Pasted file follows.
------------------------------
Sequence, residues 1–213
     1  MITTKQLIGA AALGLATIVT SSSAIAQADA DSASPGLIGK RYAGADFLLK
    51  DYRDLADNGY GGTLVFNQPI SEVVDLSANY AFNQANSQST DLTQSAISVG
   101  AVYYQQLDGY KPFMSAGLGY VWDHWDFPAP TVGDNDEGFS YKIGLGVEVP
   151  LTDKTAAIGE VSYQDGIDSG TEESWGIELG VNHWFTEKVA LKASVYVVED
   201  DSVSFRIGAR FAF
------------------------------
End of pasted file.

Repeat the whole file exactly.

Sequence, residues 1–213
     1  MITTKQLIGA AALGLATIVT SSSAIAQADA DSASPGLIGK RYAGADFLLK
    51  DYRDLADNGY GGTLVFNQPI SEVVDLSANY AFNQANSQST DLTQSAISVG
   101  AVYYQQLDGY KPFMSAGLGY VWDHWDFPAP TVGDNDEGFS YKIGLGVEVP
   151  LTDKTAAIGE VSYQDGIDSG TEESWGIELG VNHWFTEKVA LKASVYVVED
   201  DSVSFRIGAR FAF